Review of Riders Of The Purple Sage; Zane Grey; First published in 1912; pp 196
- Shana Susan Ninan
I was introduced to Western novels before I had my hands on Famous Five and the Hardy Boys, by way of my parents’ love for lasso-wielding, cowboys of the American West. Movies and books introduced me to the desert life and culture. But I’d never read Zane Grey’s masterpiece, somehow. So reading this work, later in life, took me back to my childhood reading days on our farm.
Jane Withersteen has come to a lot of wealth – land, horses and riches – that her rich Mormon father had left her after his death. And she’s the kind of Mormon woman who hires a hundred or more Gentiles on her property – one, as charity; two, in order to bring them to her faith and ways – and earns the ire of the elders and ministers of her church. But her generosity rubs off on those around her – the riders, workers, her employees and the women of the society, who in turn help people who come to them.
Lassiter is a known name in western Utah as well as in Cottonwood, where Jane lives. His arrival in the town doesn’t exactly bring cheer to the church elders. And in the year 1871 when there’s already unrest regarding the black farmhands on the property, hiring non-Mormons in a Mormon stronghold, and the ubiquitous question of a woman who’s running a household or one who makes her own decisions, comes this man whose infamous deeds precede him. Quick-gunned and living with a vengeance to fulfil, he is charmed by Jane’s soft manner and soothing philosophies.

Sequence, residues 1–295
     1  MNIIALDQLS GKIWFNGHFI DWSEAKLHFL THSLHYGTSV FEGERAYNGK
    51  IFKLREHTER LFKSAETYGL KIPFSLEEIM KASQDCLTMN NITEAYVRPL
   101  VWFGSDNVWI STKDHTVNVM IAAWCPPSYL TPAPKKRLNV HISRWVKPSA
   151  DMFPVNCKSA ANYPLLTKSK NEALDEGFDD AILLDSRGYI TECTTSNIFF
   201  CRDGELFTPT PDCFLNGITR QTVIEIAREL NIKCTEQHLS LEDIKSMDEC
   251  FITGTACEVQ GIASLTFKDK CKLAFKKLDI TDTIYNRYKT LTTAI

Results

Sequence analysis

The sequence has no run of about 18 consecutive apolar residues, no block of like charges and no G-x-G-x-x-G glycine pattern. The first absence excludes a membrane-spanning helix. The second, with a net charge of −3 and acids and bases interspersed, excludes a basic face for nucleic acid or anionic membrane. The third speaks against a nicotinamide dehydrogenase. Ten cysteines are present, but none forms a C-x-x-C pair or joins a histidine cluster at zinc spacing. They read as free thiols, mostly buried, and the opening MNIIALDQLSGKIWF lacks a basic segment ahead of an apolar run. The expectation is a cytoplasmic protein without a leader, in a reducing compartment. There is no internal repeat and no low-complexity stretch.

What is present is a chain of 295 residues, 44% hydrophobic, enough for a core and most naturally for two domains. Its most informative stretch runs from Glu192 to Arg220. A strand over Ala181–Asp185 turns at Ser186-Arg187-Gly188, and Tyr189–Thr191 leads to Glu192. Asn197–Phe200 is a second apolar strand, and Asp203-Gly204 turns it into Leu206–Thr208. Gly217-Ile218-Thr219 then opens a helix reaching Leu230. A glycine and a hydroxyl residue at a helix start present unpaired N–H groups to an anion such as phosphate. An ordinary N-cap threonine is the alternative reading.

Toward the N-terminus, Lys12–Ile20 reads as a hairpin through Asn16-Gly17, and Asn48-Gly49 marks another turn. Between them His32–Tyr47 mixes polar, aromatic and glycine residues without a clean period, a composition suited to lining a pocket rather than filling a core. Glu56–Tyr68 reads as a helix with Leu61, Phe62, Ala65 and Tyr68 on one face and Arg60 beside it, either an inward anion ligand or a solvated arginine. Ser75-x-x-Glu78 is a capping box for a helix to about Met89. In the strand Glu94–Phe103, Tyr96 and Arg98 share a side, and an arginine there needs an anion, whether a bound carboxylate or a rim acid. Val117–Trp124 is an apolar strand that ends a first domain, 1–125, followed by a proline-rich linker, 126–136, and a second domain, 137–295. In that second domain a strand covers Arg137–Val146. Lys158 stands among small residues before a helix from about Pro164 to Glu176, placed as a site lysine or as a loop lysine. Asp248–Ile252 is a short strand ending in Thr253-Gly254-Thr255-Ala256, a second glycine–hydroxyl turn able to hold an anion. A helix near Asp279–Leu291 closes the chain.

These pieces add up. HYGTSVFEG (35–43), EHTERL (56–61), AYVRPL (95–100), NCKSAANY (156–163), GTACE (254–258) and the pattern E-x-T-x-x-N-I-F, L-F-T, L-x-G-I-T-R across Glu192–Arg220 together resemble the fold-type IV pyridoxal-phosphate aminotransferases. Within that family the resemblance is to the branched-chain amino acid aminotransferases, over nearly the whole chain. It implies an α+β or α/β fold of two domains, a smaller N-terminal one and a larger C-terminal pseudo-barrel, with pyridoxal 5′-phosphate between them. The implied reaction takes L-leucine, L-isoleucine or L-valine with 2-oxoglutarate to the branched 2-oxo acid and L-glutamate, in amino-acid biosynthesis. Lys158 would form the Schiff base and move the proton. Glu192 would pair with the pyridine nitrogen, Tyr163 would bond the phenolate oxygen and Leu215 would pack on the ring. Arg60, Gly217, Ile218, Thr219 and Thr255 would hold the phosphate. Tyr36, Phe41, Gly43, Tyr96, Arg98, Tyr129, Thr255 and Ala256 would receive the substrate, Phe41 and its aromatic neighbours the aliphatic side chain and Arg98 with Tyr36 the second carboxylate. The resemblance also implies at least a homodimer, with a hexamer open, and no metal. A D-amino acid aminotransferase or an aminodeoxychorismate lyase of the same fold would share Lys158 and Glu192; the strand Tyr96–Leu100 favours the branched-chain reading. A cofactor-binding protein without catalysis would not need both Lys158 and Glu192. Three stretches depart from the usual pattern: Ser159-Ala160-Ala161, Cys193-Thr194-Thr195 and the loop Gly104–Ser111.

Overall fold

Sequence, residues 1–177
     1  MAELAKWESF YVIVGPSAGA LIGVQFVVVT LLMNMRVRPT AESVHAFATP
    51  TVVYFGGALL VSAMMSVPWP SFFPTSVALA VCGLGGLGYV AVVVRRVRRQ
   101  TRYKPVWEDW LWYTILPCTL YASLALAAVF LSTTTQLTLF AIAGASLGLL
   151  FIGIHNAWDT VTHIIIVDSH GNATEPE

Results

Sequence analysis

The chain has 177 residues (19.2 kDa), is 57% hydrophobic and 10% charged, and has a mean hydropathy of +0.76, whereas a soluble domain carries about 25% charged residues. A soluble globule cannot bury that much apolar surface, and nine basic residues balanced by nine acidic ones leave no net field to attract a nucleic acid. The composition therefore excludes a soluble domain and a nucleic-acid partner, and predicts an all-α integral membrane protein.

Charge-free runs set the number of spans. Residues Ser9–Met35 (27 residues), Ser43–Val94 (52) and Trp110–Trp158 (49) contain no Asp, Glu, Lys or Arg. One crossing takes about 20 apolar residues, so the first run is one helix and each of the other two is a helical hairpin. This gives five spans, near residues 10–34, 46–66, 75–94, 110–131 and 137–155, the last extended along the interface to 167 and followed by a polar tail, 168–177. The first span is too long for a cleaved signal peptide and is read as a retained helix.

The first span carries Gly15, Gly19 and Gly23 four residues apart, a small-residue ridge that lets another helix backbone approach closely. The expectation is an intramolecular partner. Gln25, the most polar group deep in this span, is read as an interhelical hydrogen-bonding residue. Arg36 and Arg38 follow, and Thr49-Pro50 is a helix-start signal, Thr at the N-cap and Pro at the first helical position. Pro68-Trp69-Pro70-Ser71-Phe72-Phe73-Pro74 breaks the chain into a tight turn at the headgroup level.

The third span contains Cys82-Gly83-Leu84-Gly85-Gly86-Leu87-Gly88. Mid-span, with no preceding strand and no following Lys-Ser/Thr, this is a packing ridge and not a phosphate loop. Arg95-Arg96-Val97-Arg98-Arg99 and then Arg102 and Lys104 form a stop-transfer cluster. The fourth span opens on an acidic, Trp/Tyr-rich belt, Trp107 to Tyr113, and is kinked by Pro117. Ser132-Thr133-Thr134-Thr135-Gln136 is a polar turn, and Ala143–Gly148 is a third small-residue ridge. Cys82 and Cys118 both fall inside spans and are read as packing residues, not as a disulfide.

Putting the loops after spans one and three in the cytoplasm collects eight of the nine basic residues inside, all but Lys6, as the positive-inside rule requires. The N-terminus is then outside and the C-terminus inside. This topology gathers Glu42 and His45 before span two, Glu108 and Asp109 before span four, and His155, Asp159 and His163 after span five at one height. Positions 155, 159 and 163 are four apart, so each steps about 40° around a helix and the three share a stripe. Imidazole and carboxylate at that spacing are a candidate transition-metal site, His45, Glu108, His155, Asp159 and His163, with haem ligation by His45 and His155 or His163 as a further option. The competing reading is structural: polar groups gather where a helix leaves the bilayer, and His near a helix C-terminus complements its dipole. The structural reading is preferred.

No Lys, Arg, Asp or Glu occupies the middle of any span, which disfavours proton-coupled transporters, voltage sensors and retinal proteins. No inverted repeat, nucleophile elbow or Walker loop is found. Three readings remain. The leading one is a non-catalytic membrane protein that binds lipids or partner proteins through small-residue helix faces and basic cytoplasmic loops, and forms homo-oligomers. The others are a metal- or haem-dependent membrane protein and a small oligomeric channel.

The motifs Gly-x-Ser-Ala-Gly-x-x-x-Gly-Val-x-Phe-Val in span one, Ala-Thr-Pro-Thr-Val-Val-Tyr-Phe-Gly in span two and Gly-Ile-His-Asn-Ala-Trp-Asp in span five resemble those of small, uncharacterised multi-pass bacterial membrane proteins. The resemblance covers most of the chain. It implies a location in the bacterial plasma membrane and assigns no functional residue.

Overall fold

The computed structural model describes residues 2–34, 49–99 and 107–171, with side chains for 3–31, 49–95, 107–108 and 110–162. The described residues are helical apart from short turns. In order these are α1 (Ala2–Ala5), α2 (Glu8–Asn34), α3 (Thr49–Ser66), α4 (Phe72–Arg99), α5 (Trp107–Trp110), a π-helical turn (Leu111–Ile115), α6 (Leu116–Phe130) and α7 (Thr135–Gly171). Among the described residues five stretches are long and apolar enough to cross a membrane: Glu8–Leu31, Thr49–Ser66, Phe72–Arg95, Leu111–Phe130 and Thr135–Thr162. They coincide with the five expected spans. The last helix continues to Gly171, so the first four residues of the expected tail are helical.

The subplot of Venters’ and Bess’ story is woven well into the flow. And Venters became my hero after reading one of the best horse chases in history! Sitting on the edge of the chair and flipping pages, I could feel the horses’ mane hit my face, the swift night wind encompass me.
Held in high regard, Jane finds it a personal turmoil to choose between her love of the religion and the love she feels in her heart, deep down, for a man. Although her love of religion greys her general outlook about other things, her allegiance to the Mormon Church doesn’t wane her concern for humanity.
The ever-present Sage is the central character of the book. It is wild country; the purple sage which is vast and unconquerable truly represents the large-hearted woman who finally picks her heart over her head, when it came to living a life of choice.